It is evident that certain topics and the literary presentation of certain facets of experience tend to fall beyond what those standards and values tolerate. In the present intellectual and political climate , the sexual abuse of children is probably the one area where are broad consensus has been achieved. That should not be taken to imply that the subject in general is considered to fall beyond the limits of acceptability. (Riemer, 1996)

Wanda Koolmatrie


Another similar and well known case of misused identity is evident in the story of a writer known as Wanda Koolmatrie. Referred to as the 'greatest... theft of Aboriginal identity' Wanda Koolmatrie in fact turned out to be a white male - an Australian taxi driver named Leon Carmen. Carmen had used this false identity to compose an autobiography known as 'My Own Sweet Time' telling the story of a woman who was a member of the stolen generation, taken from her family in 1950.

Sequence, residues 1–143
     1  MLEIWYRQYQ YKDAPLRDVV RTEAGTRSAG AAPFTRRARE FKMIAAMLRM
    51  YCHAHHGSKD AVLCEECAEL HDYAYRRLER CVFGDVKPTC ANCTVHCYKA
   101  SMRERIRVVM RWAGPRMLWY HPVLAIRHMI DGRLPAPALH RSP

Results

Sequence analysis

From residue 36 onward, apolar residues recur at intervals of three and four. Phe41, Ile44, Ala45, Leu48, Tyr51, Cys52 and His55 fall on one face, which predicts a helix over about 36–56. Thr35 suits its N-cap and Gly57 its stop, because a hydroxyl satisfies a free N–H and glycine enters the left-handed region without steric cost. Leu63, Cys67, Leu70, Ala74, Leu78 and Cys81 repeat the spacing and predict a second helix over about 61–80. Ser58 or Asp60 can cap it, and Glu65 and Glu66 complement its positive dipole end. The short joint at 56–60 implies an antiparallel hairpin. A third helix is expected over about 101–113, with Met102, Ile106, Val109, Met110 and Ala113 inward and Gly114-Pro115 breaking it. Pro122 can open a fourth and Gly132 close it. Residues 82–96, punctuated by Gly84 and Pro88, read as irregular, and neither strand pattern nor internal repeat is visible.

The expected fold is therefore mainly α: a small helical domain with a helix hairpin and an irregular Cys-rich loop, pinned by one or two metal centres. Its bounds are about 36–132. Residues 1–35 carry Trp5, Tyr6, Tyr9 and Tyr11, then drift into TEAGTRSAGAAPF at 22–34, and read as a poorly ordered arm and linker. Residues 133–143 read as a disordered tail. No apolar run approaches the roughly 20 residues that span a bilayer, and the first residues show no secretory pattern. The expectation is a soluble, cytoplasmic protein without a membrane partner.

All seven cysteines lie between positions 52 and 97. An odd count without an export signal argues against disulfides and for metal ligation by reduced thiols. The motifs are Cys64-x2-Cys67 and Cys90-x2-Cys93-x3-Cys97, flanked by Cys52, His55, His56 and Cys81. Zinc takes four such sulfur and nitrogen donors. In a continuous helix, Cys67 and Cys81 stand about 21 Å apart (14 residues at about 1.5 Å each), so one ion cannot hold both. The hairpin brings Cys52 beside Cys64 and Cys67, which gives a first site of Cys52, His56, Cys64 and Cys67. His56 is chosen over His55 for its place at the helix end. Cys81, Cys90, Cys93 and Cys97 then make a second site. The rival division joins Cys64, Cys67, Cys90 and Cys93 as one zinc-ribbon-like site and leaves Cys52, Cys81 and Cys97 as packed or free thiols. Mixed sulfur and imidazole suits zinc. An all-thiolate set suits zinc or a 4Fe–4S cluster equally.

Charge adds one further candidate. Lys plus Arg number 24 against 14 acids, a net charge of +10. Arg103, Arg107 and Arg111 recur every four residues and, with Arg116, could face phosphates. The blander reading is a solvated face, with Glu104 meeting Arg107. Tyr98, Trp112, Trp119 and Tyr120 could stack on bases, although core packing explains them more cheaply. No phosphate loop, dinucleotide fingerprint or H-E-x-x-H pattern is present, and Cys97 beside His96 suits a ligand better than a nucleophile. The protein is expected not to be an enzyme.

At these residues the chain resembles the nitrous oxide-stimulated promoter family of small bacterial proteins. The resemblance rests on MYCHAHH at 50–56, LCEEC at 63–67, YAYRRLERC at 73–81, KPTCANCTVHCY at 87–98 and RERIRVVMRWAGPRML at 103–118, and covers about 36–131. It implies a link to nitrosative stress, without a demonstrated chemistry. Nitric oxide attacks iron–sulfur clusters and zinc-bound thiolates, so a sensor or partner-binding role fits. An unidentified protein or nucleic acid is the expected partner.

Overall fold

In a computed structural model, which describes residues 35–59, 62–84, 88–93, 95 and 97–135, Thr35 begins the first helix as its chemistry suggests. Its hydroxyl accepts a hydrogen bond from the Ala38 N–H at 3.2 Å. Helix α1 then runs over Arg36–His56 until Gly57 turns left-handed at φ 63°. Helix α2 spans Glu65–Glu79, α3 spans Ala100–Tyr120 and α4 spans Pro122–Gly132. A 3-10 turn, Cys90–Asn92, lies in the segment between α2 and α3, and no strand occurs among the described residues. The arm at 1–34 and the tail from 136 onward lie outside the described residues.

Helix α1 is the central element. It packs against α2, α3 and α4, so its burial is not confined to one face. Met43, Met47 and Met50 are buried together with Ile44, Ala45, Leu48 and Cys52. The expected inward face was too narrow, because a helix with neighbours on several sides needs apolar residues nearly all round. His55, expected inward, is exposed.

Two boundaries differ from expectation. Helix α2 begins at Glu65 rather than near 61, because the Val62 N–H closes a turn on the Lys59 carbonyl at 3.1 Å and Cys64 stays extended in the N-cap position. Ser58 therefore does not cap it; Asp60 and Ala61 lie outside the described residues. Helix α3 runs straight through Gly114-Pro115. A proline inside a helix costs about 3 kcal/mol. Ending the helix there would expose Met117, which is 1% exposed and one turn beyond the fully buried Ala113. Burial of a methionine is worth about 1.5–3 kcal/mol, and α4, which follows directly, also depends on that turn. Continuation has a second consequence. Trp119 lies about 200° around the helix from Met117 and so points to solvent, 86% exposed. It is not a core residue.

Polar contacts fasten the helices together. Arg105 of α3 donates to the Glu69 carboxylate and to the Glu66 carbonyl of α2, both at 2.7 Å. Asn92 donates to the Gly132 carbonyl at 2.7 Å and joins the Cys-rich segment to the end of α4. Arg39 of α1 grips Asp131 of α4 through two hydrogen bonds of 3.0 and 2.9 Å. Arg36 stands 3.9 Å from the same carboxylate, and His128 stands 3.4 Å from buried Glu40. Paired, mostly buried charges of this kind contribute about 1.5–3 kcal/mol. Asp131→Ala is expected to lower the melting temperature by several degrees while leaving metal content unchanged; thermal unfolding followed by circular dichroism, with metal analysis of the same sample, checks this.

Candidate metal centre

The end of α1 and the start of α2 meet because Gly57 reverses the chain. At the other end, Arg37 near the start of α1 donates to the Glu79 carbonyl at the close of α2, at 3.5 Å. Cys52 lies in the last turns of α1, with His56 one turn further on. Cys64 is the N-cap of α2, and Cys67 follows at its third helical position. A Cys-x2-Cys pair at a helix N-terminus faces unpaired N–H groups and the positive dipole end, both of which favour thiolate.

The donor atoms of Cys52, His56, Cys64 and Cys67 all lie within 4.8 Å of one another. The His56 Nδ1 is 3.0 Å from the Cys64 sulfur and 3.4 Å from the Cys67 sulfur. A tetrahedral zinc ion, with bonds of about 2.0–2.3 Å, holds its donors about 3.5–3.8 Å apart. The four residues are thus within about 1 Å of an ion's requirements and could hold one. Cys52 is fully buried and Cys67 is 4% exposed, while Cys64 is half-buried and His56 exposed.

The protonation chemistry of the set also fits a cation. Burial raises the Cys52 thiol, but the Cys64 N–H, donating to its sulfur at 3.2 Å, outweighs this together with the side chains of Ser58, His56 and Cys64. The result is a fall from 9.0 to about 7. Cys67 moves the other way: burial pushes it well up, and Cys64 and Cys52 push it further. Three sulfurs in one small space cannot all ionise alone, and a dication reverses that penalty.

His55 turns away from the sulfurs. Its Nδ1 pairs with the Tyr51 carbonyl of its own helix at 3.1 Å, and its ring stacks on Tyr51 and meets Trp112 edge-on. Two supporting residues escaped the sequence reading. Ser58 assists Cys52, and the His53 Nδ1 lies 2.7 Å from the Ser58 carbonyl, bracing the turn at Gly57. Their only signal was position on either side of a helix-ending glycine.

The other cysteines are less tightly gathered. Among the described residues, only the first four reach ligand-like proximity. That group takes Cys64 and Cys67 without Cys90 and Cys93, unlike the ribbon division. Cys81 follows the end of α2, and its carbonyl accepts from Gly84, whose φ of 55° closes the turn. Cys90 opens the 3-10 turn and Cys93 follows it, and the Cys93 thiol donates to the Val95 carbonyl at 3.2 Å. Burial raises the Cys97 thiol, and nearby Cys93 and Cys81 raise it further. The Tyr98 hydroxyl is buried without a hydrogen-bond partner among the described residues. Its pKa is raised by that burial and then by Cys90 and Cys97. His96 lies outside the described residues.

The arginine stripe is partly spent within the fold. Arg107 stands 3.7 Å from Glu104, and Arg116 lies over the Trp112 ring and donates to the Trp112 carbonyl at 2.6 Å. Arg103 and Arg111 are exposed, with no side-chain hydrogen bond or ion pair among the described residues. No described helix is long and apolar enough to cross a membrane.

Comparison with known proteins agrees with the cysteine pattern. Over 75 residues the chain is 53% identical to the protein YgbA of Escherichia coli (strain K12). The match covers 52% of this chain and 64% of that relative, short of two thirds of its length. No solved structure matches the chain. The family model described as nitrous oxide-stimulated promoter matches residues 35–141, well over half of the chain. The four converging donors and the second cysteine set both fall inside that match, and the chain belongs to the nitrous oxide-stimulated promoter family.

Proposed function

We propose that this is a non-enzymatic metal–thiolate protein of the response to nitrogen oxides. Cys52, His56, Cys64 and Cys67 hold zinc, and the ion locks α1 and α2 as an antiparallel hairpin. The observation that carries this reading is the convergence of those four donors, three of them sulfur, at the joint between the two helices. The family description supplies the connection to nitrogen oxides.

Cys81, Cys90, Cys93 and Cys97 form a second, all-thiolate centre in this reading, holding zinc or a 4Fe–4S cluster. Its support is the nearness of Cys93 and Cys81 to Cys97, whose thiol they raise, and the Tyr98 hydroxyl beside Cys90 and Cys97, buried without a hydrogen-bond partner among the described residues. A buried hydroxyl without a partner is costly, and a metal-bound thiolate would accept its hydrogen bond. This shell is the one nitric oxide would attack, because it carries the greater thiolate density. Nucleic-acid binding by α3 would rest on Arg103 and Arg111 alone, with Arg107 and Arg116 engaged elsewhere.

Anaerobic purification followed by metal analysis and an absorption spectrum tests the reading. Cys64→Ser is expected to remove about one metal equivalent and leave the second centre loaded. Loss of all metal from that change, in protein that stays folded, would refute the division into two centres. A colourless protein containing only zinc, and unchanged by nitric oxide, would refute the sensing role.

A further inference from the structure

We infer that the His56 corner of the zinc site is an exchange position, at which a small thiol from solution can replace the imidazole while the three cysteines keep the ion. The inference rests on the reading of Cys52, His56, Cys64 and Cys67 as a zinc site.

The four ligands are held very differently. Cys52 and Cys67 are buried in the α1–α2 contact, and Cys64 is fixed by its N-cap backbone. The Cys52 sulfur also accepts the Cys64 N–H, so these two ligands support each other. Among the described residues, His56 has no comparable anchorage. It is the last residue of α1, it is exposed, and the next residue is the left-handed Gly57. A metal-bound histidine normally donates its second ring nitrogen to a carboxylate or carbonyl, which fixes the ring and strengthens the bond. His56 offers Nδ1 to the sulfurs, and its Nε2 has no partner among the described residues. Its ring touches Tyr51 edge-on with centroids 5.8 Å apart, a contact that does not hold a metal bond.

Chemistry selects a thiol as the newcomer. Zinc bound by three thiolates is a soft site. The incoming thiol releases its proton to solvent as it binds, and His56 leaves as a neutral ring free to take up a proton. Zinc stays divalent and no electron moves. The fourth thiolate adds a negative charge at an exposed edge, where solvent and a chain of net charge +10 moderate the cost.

The truth was revealed 3 years after "Koolmatrie's" initial publication, after Carmen had already recieved the 'Nita May Doobie Award'. This occured as a result of Carmen's wish to write a follow-up novel, and his subsequent obligation to meet his publishers face to face. The revelation caused a public outcry; not only was the book a lie and the author a fraud, but the man who wrote it had no affiliation with the indigenous community at all. The book became a blight on the publishing house and was seen as an exploitative insult to the Aboriginal population and an embarrassment to its believing readership: